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Inspiring Success on the Road to Recovery

Thursday, January 29, 2015

Call for State Legislation to Support an Increase in Abuse Deterrent Formulations (ADF) Allowing Chronically Ill Pain Patients Better Access to Life Giving Medication

C O M M E N T A R Y

By Barby Ingle, President
Power of Pain Foundation

Over the past few years conversations on opioid use have become more about the people abusing these medications and less about the patients who use them correctly.
In the midst of abuse and diversion of prescription opioid medications, a negative spotlight is being shown to the public with attention on the health and societal consequences of what the abusers are doing with these medications. I propose we move the conversation of opioid use forward in a productive and positive patient health focus approach. We need to address restricting the access to those who are abusing their medications while keeping those who are in compliance from any penalty. We need to ensure the patients in pain have appropriate access to opioid analgesics.

Call to Action

Prescription opioid analgesics are an important component of modern pain management. Abuse and misuse of these products, however, have created a serious and growing public health problem. The Food and Drug Administration (FDA) has worked to address this problem while ensuring patients who are in pain have appropriate access to opioid analgesics. Providers and pharmaceutical companies are working hard to provide access to care.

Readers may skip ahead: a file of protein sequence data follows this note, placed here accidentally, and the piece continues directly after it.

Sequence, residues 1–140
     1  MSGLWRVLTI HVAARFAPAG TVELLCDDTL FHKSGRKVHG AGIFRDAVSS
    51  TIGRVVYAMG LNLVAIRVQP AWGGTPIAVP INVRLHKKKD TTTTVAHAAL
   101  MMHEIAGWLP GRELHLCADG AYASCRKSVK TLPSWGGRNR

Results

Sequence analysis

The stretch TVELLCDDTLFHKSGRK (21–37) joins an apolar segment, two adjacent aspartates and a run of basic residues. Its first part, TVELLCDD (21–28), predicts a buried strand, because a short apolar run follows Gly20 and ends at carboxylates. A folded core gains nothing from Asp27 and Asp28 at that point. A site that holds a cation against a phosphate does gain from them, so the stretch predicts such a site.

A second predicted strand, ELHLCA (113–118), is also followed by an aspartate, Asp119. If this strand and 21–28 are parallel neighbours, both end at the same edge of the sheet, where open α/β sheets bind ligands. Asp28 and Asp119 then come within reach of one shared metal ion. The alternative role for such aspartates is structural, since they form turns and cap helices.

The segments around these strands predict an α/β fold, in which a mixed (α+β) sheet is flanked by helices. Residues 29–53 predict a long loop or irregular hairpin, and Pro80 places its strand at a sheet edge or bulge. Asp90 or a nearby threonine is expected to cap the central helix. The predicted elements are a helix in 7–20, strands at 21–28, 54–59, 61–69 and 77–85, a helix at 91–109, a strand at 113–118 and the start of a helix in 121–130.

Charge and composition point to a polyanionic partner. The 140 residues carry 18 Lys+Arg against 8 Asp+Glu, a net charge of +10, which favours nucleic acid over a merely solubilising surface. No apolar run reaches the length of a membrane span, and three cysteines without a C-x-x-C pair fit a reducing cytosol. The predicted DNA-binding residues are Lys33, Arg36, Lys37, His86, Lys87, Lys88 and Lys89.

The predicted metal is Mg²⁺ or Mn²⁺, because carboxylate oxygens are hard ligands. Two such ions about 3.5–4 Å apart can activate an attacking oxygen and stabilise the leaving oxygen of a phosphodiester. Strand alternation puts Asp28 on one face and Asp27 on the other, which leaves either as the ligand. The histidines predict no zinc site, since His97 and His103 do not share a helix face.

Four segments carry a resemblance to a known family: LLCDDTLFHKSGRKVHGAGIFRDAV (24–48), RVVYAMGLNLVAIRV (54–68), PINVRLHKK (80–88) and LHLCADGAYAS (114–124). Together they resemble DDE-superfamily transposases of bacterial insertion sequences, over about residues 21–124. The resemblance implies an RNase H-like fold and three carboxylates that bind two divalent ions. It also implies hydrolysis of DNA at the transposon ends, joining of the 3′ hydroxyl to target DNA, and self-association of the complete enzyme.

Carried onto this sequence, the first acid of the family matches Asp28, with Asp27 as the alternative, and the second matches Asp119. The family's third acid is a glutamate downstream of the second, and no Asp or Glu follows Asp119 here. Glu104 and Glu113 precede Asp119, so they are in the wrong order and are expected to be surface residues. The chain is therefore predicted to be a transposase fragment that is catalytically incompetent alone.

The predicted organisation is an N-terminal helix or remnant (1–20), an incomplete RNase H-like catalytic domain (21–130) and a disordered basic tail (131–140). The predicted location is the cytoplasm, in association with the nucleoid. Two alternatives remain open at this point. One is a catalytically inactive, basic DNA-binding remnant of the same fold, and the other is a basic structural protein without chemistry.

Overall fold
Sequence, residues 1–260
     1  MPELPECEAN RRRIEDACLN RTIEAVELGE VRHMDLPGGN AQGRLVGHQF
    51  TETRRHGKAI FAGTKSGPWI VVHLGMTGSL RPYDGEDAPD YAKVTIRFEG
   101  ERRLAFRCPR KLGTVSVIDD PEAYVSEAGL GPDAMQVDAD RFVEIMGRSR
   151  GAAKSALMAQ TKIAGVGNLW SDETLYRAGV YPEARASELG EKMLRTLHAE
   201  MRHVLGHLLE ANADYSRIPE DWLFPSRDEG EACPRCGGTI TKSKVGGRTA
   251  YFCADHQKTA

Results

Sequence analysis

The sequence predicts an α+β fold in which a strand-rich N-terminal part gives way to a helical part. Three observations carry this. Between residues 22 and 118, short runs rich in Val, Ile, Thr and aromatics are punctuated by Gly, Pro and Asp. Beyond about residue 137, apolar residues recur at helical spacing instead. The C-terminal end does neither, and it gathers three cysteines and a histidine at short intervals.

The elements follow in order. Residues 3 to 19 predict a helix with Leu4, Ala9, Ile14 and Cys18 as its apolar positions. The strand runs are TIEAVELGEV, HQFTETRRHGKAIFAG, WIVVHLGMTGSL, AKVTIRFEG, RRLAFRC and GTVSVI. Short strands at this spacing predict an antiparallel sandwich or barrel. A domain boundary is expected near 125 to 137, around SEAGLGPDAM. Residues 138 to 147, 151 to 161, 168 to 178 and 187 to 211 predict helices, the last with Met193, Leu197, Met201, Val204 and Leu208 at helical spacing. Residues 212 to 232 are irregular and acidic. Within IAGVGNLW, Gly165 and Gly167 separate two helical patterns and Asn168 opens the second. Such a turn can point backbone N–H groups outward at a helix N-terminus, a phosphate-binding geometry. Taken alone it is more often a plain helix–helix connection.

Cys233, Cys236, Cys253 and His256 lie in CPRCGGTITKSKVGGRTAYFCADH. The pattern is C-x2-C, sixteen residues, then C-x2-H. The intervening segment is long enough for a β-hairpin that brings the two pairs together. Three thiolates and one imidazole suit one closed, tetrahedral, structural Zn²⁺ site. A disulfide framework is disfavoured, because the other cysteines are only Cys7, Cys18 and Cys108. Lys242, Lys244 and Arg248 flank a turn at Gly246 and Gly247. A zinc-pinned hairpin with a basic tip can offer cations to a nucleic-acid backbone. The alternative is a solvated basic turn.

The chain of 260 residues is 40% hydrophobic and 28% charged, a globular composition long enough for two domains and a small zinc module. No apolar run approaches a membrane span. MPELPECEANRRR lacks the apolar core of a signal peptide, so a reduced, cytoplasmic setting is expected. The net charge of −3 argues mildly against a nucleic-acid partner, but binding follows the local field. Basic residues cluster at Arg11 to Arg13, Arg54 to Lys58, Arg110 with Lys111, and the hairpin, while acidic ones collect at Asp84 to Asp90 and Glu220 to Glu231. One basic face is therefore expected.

A call to action is needed to decrease opioid abuse and increase abuse deterrent formulations (ADF), allowing chronically ill pain patients who are properly taking prescription better access to life giving medications. Opioids remain an important option in the treatment of chronic pain. The Institute of Medicine recently put out a report on the state of chronic pain in the U.S. This report shows that pain is a major public health problem, which is costing the U.S. up to $635 billion a year in added health costs and lost productivity.

I have seen first-hand that ADF are an important component of modern pain management and a high public health priority. Many of my friends who are in chronic pain have limited choices and access to care, which does not involve opioids. Logically, these medications are a low cost and effective form of treatment, which can and will help the mass population of people who suffer with pain diseases.
 One important step towards the goal of creating safer opioid analgesics has been the development of opioids that are formulated to deter abuse. The FDA considers the development of these products a high public health priority. I propose that we employ the use of opioid medications more effectively through the use of ADF. As a leader in the pain community and someone who advocates for thousands of pain patients each year, I strongly believe we can combat the issues of abuse while still giving patients who need pain relief a safe, effective and accountable access to these medications.

We need to change our policies to develop a strong, lasting solution to this health crisis. There are four major actions we can take to ensure access to care remains a high priority for those millions of pain patients who need the medications and are taking them responsibly while deterring abuse.